• Brian S. Wesbury, chief economist, First Trust Advisors, L.P., will explain why our increasing pessimism over Federal rate hikes, rising energy prices, terrorism, the trade deficit, a housing bubble, and consumer debt is unwarranted.

• William W. Millar, president, American Public Transportation Association, the leading force in advancing public transportation, will discuss his views on the future of passenger transportation, travel trends, travel security and how we will pay for it all.

• Mary Ann Malloy, M.D., practicing cardiologist, medical expert for WMAQ-TV NBC5 Chicago, and lecturer, department of medicine, Northwestern University’s Feinberg School of Medicine, will address how medical news is gathered and how to evaluate media sources and find health information you can use to your advantage.

• Joseph Staten, director and writer of the HALO video-game series, will discuss how one former theater major and 60 other hardworking nerds turned a good idea, smart code, beautiful art and energetic music into one of the most acclaimed, best-selling video games ever. In its first day of sales, HALO2 grossed $125 million.

Northwestern University faculty speakers will include Karen Brunssen, associate professor of voice, coordinator of the voice and opera program, and co-chair, department of music performance studies, School of Music; Souleymane Bachir Diagne, professor of philosophy and religion, Weinberg College of Arts and Sciences; and Teresa K. Woodruff, professor, department of neurobiology and physiology, Weinberg College of Arts and Sciences.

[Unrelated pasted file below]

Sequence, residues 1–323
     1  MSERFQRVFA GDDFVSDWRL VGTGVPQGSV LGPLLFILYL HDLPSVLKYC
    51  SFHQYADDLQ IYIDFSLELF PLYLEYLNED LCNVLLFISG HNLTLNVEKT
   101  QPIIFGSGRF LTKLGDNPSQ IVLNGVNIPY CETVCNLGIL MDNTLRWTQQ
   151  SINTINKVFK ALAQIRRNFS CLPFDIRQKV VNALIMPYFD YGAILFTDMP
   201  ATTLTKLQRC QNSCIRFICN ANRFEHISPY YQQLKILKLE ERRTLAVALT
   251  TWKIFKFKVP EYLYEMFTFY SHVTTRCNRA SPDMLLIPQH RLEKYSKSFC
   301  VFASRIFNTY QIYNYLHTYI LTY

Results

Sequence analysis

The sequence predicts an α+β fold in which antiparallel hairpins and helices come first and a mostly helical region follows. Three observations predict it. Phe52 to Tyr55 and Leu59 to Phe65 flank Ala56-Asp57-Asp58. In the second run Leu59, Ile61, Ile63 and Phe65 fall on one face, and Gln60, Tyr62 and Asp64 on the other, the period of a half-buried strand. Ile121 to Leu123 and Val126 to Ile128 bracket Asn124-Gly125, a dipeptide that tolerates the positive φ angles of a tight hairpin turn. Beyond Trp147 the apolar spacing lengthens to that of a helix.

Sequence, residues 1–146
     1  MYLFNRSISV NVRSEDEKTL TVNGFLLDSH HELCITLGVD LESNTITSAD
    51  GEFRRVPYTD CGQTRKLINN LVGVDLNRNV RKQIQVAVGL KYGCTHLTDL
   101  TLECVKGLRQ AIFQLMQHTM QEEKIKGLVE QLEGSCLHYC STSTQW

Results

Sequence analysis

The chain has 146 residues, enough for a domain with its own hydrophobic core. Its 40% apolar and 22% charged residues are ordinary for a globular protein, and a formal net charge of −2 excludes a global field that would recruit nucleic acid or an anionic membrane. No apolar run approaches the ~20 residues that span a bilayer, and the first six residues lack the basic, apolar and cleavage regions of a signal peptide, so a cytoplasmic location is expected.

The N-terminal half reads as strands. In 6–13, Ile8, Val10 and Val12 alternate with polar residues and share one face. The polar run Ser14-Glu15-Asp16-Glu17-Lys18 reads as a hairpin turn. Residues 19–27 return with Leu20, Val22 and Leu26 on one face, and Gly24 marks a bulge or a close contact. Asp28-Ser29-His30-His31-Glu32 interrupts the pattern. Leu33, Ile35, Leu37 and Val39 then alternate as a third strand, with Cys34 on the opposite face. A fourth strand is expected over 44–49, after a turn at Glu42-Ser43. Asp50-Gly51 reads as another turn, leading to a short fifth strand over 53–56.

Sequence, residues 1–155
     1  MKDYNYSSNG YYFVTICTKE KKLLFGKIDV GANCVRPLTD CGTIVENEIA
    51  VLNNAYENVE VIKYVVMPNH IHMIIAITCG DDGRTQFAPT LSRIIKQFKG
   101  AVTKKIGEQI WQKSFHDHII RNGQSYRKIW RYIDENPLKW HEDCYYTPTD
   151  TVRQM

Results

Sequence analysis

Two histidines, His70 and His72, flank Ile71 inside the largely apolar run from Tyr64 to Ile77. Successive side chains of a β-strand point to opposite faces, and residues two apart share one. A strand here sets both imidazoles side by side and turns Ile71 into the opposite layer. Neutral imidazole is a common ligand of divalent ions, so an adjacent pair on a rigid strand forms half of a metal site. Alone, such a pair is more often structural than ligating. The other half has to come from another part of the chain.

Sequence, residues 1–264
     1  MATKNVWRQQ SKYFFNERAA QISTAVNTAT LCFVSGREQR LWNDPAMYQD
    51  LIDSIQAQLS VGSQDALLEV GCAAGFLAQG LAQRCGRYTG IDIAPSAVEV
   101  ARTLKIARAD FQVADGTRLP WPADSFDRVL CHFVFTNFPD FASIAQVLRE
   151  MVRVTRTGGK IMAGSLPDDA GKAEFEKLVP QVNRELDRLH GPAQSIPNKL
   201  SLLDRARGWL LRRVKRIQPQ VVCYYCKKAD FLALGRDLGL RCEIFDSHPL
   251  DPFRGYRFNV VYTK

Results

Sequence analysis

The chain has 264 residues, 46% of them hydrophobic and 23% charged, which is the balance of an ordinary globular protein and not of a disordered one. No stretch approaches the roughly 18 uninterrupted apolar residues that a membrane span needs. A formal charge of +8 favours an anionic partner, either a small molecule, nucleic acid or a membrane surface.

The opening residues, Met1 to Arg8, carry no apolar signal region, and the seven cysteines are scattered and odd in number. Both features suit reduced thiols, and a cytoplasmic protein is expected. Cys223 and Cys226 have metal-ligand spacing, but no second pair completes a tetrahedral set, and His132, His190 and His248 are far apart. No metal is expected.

Other Northwestern faculty speakers will be Lane Fenrich, assistant dean for freshman and lecturer, department of history, Weinberg College of Arts and Sciences; Dan P. McAdams, professor of psychology, Weinberg College of Arts and Sciences, and professor of education and social policy, School of Education and Social Policy; Martin H. Redish, Louis and Harriet Ancel Professor of Law and Public Policy, School of Law; and Katherine T. Faber, professor of materials science and engineering, McCormick School of Engineering and Applied Science.

Mark H. Murphy, director of athletics and recreation, will moderate a morning session on the student-athlete experience at Northwestern.

For complete biographies of all of the April 22 speakers or to register online, visit <www.alumni.northwestern.edu/education>.

Admission to the daylong event is $65. A half-day ticket with lunch is $45. A single session is $20 for the general public. Northwestern students may attend a full day of programs for $5. The tickets and schedule will be distributed at the registration table at Norris University Center on April 22. Deadline for registration is April 14.

Free parking will be available in the two-story lakefront garage east of the theaters off Arts Circle Drive.

For more information, contact the Northwestern Alumni Association at (847) 491-7975 or (800) NU-ALUMS or visit <www.alumni.northwestern.edu/education>.

Topics: Campus Life